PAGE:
The more you know about the nationwide problems of microbial contamination in stored fuel, the less it should surprise you to ever find microbial presence in storage tanks. That’s partly because storage tanks are just one element of the large fuel distribution system that takes fuel from its refinery beginnings to its storage tank conclusion.
You can do everything you think is right to take care of your fuel, keep the tank clean, control water, good housekeeping measures, etc. And yet you’re still at the mercy of what everyone else is not doing. And the nature of microbial activity means if someone in the chain is being sloppy or not paying attention, it increases the chances that your stored fuel in your storage tank may get bitten by the microbial bugs.
It Starts Clean, But.....
Zooming out, the fuel distribution system on a national level shows how this is true. Fuel starts out clean and sterile enough at the refinery level, but it’s all down hill from there. On its journey from the refinery to the terminal to the regional distribution point and then to the end user, it’s going through storage tanks and pipelines and transportation modes, all of which have microbial presence in them.
The large bulk storage tanks at the refinery level have floating roofs that scrape the stuff from the outside environment down into the storage tank (and the fuel therein).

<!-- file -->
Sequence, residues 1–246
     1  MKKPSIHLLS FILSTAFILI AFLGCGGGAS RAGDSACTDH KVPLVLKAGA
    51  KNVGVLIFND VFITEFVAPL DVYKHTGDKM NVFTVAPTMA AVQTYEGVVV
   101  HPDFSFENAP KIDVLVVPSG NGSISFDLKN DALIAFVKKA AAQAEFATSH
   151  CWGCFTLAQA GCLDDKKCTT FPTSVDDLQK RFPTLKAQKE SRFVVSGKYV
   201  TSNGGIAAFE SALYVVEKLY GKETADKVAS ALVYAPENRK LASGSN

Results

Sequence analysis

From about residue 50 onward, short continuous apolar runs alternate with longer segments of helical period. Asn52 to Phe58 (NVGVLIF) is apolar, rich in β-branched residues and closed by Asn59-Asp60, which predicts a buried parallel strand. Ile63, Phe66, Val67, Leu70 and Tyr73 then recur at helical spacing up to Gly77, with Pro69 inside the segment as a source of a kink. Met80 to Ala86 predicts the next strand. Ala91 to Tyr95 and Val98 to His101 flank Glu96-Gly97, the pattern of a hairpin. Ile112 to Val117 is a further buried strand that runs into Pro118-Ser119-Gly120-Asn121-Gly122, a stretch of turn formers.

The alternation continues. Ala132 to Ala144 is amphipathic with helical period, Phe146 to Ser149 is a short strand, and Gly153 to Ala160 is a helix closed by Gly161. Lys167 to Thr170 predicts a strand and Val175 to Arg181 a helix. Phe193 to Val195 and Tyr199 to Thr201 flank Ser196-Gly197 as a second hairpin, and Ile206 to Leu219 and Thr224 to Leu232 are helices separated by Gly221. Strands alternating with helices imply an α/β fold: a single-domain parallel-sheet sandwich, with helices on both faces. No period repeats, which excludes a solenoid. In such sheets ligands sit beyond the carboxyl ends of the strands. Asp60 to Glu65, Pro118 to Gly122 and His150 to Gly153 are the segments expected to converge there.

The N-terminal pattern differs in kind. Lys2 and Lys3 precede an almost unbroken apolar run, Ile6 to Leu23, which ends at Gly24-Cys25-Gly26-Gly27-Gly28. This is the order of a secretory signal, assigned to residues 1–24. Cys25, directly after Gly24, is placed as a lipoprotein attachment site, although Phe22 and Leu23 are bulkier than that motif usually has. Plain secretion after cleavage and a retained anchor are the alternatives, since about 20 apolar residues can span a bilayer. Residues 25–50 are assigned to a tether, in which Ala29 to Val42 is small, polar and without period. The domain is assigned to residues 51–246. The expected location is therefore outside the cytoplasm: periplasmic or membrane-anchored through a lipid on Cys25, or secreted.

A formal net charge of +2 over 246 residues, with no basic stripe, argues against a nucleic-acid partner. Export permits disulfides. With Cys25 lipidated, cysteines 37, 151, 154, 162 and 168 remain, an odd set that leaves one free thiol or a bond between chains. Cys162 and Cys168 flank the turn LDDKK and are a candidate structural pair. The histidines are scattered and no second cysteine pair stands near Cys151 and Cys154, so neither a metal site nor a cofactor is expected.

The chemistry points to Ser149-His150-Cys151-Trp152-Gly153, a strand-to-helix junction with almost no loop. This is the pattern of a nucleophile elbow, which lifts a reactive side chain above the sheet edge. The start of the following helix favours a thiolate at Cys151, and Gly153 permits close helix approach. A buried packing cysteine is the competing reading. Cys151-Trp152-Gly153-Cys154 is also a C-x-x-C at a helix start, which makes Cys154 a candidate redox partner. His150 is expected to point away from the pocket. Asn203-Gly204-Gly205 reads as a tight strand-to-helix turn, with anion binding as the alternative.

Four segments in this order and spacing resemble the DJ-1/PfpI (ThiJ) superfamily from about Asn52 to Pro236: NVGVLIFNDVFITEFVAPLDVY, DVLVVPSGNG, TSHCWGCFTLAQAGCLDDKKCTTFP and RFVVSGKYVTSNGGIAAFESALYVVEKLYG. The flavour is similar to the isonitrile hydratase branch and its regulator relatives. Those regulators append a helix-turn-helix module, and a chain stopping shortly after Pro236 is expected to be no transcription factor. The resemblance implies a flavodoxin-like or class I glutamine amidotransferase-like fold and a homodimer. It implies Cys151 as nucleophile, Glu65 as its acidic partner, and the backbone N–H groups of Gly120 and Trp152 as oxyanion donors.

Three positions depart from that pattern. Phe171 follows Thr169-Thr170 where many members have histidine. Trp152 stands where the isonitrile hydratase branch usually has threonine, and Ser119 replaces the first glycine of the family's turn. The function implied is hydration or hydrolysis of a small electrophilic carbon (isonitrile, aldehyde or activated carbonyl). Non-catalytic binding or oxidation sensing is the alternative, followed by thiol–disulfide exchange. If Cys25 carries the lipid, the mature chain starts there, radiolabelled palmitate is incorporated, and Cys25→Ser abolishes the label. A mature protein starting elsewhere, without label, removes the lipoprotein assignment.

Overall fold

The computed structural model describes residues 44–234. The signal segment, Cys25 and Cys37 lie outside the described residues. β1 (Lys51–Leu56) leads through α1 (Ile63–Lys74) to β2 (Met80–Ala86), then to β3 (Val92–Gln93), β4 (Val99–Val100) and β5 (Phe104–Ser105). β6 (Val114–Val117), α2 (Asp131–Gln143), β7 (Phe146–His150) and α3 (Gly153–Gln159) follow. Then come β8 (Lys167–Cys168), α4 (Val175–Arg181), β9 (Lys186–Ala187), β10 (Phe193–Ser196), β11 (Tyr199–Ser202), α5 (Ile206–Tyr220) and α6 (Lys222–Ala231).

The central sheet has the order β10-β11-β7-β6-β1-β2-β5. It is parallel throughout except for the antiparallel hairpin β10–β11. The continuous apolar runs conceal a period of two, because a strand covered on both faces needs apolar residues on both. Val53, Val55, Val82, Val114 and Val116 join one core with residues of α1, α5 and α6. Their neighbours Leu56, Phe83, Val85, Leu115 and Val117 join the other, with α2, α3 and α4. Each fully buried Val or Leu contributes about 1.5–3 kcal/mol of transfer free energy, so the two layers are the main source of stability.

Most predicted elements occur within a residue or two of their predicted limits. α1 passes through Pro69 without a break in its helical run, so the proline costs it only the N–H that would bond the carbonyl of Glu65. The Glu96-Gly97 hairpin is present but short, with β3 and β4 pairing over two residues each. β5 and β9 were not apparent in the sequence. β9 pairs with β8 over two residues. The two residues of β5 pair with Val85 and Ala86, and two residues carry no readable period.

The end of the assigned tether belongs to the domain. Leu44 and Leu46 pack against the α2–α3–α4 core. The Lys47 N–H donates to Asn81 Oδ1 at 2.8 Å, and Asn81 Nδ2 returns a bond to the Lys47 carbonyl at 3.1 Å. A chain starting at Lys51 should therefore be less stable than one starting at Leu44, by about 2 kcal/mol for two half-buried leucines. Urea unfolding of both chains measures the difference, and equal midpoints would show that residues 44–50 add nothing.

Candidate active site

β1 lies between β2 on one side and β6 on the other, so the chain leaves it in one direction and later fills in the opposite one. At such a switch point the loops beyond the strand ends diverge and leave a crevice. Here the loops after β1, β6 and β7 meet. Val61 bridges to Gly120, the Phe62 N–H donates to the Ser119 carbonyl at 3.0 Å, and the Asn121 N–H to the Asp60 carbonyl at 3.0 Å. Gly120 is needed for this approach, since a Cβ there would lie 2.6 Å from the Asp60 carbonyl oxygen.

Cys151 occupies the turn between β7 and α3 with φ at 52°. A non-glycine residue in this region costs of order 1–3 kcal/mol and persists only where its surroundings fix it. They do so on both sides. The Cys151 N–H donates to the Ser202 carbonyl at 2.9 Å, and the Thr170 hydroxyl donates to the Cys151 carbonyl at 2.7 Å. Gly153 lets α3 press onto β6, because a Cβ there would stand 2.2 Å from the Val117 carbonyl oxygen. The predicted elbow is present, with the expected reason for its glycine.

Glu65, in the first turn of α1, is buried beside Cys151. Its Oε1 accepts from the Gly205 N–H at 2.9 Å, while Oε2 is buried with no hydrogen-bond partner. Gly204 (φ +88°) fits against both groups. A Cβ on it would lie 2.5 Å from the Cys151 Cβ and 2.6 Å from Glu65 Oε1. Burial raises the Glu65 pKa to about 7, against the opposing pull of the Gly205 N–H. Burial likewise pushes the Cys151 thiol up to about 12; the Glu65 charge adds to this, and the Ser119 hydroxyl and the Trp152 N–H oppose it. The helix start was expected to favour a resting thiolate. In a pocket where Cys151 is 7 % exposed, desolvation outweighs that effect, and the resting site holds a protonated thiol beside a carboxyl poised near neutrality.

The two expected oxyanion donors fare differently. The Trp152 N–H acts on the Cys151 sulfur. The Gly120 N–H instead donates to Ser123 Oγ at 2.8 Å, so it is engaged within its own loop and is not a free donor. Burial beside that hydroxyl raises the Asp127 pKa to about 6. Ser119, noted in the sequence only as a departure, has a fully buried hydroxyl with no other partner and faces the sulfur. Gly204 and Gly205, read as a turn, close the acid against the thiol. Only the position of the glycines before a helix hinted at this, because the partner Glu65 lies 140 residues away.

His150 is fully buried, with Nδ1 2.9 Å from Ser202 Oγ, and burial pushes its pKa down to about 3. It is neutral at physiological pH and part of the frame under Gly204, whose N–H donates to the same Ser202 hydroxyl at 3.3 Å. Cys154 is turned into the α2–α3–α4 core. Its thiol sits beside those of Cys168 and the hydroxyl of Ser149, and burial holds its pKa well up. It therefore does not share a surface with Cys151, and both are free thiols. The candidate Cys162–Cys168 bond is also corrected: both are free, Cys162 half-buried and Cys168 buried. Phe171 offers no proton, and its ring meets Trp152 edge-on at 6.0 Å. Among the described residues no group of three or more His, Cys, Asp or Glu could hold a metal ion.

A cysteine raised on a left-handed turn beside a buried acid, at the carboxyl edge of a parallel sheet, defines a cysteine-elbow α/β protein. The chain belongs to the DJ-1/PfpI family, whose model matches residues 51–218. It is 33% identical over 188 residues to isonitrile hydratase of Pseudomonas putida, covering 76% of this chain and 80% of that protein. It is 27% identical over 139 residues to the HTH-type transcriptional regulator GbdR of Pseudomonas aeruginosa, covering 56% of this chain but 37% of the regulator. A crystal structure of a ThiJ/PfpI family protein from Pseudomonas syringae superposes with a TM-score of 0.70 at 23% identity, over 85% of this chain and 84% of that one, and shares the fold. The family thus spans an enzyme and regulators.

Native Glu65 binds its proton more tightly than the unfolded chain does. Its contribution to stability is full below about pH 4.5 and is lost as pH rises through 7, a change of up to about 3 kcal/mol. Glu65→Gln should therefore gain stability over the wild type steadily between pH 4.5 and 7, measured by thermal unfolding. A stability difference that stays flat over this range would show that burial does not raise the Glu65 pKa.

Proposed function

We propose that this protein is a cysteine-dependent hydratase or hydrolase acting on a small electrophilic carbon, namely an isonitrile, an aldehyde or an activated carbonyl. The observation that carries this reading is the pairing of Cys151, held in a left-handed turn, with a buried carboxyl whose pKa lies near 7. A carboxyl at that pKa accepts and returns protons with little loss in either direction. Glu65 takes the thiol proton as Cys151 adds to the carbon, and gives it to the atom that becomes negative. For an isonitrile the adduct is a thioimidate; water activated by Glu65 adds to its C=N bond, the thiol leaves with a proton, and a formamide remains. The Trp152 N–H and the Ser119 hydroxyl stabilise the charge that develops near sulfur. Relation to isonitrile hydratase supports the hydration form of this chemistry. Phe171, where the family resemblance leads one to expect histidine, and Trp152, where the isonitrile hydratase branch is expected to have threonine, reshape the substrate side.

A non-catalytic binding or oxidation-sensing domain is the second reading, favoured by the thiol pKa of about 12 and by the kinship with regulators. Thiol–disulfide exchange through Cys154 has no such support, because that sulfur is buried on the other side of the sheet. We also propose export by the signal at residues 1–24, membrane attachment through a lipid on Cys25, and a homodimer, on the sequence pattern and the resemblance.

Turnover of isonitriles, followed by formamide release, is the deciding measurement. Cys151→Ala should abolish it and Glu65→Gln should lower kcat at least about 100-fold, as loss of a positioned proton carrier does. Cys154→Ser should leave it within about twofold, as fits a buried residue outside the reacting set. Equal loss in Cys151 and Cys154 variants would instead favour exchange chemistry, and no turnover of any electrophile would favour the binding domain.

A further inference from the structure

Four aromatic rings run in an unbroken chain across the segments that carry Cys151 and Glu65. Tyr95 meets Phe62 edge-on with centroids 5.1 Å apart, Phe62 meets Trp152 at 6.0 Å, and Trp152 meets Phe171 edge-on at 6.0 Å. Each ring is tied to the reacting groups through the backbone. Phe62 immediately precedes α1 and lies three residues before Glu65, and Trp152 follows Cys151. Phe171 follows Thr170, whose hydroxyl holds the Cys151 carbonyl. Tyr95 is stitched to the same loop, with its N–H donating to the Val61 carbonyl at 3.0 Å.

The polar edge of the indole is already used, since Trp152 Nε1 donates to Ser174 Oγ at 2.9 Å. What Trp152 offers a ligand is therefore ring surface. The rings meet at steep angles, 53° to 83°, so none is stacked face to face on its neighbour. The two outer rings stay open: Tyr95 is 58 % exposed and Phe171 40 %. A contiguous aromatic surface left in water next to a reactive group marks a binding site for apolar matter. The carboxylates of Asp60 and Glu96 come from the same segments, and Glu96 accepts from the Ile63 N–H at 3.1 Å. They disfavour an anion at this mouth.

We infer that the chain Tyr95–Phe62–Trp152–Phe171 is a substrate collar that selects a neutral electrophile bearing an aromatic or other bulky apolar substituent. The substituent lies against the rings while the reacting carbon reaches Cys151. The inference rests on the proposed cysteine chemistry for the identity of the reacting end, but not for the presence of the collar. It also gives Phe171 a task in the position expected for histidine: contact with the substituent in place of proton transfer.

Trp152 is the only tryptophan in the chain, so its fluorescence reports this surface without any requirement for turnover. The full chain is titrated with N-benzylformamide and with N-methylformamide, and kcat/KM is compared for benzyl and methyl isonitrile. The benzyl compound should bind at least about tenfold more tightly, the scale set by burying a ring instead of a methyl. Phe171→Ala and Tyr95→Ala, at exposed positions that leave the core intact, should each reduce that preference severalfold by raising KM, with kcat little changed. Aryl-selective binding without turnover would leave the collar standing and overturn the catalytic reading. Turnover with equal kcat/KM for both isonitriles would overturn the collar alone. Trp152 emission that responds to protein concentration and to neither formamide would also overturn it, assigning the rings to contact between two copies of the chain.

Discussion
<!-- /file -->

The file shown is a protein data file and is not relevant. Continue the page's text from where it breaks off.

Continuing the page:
The terminal holding tanks aggregate fuels from numerous refineries, maybe 100 or more, before it’s sent out to the next link in the chain. If there’s any microbial presence or biofilm to be had anywhere leading up to this point, it’s going to end up inoculating everyone else’s fuel.
The miles of pipeline and the holds of the large ships that bulk fuel travels through are all breeding and holding groups for any number of kinds of microbes that get carried along, waiting for the chance to end up in a fuel storage tank. If that tank already has water or sludge in it, all the more better.
What To Do
Given all of this and given all of the things that are out of your control, this should show the importance of taking proactive steps to ensure microbial problems don’t get out of control where you’re at. Don’t rely on other people doing the right thing. Take control of your stored fuel’s health with something as simple as periodic condition monitoring, especially with ATP testing. You need this to ensure you don’t have microbial contamination in your stored fuel. There are just too many leaks in the chain that you don’t have the ability to account for, even if you knew where to account for them.
This post was published on January 18, 2019 and was updated on January 18, 2019.